• Product.  What are you selling? What is your product or service positioning? What makes your product or service desirable? Who is the product or service for?
  • Price. How much are individuals going to pay for your product or service?
  • Placement.  Which channels of distribution are you going to use? Where are you selling your product or service?
  • Promotion.  How are you getting the word out? Where does it make sense to advertise? What are you doing to make your communications meaningful? What are you giving consumers to make them act (an offer, a sweepstake)?

I like McCarthy’s mix, however, many rightfully criticize it because it is too supply centered.  To solve that, Robert F. Lauterborn created a new set of ingredients.  He didn’t discredit McCarthy’s work, he just added a consumer spin.  Below his mix (known as the “Four Cs of Marketing”):

  • Consumer.  Who are you selling to? What consumer need is your product satisfying?
  • Cost.  How much will it cost the consumer to have the product while it is functional? How much is the cost to dispose your product when it is no longer functional? In other words, it is not only about the price, but about the total cost of ownership.  For example, it is not the same to buy a car with a one year guarantee than one with a three year guarantee.
  • Convenience. If the consumer wants it, can he get it? Is it easy for him to buy it?
  • Communication. How do you advertise? Do you do PR? Do you have a relationship with your customers? What is said in the news about you?

There are books and books and books that talk about all the ingredients or just one ingredient at a time.  It is amazing how everything marketing can fit in those eight words.  Lovely isn’t it? You just take the “marketing mix”, stir and voila! You can have a marketing cake. There is no guarantee it will be a good cake, however, it will definitively be a marketing one.

Source:Peter, J.P. and Donnelly, J.H. (2004). A Preface to Marketing Management. McGraw Hill. Pg.18; ”Let’s Talk Business”.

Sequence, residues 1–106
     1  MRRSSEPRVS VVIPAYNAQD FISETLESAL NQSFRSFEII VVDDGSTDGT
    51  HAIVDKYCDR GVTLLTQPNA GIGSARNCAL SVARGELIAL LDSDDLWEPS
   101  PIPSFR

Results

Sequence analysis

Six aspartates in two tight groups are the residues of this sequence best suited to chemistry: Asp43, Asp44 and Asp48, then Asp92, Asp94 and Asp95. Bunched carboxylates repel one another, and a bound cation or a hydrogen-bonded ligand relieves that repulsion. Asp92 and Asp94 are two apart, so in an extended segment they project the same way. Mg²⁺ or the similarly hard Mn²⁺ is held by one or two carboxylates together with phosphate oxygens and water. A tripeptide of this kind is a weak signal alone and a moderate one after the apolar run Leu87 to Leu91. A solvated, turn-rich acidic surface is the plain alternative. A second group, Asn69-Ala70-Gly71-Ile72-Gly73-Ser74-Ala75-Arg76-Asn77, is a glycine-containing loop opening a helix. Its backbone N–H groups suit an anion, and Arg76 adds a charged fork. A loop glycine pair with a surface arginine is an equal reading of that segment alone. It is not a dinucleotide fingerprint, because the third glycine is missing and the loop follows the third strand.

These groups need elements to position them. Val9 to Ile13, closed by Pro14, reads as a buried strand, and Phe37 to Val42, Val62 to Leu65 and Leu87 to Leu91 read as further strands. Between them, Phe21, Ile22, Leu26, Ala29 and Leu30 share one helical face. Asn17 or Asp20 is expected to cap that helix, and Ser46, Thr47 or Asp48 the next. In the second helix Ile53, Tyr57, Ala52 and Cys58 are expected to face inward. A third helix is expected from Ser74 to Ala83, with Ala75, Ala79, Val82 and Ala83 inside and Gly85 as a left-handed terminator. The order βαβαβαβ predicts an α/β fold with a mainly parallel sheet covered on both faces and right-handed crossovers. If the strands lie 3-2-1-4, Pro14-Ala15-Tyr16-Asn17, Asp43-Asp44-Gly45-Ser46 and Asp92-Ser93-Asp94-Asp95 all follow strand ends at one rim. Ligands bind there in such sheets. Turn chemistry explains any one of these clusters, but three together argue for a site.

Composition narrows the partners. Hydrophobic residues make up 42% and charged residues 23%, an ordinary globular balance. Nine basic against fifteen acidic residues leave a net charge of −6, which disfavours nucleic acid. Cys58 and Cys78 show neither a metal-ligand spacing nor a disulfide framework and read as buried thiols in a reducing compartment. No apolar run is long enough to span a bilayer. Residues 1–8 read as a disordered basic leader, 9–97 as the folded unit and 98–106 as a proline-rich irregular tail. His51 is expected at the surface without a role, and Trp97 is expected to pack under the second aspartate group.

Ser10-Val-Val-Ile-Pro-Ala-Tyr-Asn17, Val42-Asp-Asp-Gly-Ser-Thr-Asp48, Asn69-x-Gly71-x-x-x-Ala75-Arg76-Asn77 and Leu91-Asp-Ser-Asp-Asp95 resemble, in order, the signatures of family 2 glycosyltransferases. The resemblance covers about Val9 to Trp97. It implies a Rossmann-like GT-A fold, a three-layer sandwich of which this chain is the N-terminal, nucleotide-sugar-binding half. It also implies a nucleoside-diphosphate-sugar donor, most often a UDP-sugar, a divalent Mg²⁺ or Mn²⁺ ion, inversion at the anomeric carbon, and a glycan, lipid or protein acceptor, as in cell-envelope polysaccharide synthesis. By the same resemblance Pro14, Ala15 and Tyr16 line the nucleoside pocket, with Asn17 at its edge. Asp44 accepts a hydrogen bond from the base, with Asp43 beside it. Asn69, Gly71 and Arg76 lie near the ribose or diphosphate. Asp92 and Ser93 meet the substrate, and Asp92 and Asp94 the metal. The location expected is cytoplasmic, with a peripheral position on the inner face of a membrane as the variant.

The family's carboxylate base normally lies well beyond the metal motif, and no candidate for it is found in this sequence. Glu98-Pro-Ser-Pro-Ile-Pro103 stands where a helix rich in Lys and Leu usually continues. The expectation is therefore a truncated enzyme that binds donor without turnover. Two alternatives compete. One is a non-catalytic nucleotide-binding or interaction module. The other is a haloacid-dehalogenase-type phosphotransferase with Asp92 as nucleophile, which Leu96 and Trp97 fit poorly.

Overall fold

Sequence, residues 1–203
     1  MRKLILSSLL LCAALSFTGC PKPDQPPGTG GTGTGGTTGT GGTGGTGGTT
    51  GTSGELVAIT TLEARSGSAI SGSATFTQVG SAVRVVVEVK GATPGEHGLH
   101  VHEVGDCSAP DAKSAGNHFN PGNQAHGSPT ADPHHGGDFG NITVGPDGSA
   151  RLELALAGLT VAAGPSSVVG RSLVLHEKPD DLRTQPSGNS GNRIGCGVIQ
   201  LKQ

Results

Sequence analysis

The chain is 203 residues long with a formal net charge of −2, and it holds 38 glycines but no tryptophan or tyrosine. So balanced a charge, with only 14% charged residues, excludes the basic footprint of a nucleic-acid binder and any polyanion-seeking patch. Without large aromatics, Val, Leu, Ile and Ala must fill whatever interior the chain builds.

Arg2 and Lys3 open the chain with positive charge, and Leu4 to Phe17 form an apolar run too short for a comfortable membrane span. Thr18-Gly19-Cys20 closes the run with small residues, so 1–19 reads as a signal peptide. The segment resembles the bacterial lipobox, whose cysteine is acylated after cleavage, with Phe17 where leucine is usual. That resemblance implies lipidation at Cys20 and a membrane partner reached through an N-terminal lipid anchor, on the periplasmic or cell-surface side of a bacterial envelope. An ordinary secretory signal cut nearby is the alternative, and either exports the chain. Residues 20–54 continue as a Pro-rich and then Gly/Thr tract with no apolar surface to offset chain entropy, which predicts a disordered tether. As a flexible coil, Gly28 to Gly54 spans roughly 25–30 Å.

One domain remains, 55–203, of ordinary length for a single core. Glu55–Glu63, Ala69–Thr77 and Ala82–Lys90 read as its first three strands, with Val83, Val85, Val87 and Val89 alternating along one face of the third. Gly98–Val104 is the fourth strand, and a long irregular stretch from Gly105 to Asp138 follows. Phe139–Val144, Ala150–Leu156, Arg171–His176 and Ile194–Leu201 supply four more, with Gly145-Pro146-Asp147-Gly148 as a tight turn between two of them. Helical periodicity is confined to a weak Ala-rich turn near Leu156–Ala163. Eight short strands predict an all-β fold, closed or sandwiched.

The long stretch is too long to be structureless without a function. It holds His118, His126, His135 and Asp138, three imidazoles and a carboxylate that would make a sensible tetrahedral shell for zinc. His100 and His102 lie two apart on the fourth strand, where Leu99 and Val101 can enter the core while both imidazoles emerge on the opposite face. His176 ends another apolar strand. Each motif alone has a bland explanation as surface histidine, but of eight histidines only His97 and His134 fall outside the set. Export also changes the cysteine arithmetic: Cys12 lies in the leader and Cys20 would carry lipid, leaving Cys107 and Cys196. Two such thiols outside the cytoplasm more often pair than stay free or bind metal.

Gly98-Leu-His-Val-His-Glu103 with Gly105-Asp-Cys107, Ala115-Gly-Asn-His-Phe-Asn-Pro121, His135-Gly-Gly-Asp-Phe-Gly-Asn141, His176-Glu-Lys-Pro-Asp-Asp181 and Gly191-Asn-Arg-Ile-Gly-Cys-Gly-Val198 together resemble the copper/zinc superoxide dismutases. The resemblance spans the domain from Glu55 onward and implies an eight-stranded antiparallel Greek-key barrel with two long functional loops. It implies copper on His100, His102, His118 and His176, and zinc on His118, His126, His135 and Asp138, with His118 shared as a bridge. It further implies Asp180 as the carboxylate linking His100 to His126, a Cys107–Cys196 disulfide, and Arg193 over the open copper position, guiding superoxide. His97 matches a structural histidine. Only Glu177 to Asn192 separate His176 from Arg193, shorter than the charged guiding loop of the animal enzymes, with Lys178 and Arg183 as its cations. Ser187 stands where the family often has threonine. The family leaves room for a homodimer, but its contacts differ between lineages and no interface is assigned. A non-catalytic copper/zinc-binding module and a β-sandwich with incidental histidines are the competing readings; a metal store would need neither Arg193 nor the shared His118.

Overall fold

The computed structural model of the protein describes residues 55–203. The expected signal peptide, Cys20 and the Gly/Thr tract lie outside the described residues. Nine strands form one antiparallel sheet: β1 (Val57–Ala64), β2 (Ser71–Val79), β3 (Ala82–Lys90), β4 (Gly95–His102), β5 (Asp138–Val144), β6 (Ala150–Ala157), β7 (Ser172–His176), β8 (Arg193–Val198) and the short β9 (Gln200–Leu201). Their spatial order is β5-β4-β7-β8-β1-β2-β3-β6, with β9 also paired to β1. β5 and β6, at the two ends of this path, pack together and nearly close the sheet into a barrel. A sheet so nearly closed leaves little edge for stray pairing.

Successful Strategy Execution

Gary L. Neilson, Karla L. Martin and Elizabeth Powers get it.  They are authors of the Harvard Business Review article titled “The Secrets to Successful Strategy Execution”.  It is a great read (I highly recommend it in its entirety).  The authors provide a quick framework to succeed in improving company performance.  To increase performance you have to keep in mind four blocks:

  • Information
  • Decision Rights
  • Motivators
  • Structure

All four blocks are important and have to be considered concurrently.  It was interesting to read that reorganization, the very first choice of many managers, is not as effective as clarifying the information flows and the decision rights.  In other words, you can change the machine, however, if the operators don’t know how to use it, what to ask, when to turn it on and off, and why they should care about even working on it, nothing has really changed.  Please don’t get me wrong, reorganizations can be very useful (sometimes they are a fundamental part of a problem’s solution).  However, if there is a change of structure, it is paramount to ask: What is each individual responsibility, what are the incentives, what are the information flows, who takes the decisions and how do the new interactions make things more efficient.  Managers do not need to get involved in all details, however, they have to create processes and forums to permit the adequate set up and consideration of all blocks.  In brief, they just need to follow through.

In my mind, efficiencies come not only from the above mentioned blocks.  They also come from the organizational interactions and from having the right skill sets and personalities in the right positions.  A reorganization definitively makes things easier (if it is done correctly, the information flows  and decisions rights make so much sense that everybody feels that the move was well overdue). With that said, structure is not all, new lines of communication, processes and decision stakeholders always find resistance.  It is during those times that managers need to be hands on and make sure they are supportive of the new era, rather than doing a series of patchworks to keep the old era alive, when its time to either evolve, or immediately get away from it.

Source: Neilson, G, et al. (2008). The Secrets of Successful Strategy Execution. Harvard Business Review. Vol. 86, No. 6

Needy People

We all are about needs:  A need can move us (motivate us), or prevent us from doing something.

Management theory definitively considers the “Need” topic seriously.  Especially when we talk about what motivates us and what makes us more productive.

[I have to insert a note here.  There is a fine line between management and psychology.  Companies’ success depends a lot on human motivations and social relations.  It just becomes natural to have a lot of psychology infiltrated in the management world.  I won’t duel a lot on that side (although it is almost unavoidable).  Let’s just say that a manager with a lot of technical common sense will not be able to get things done without some people common sense.]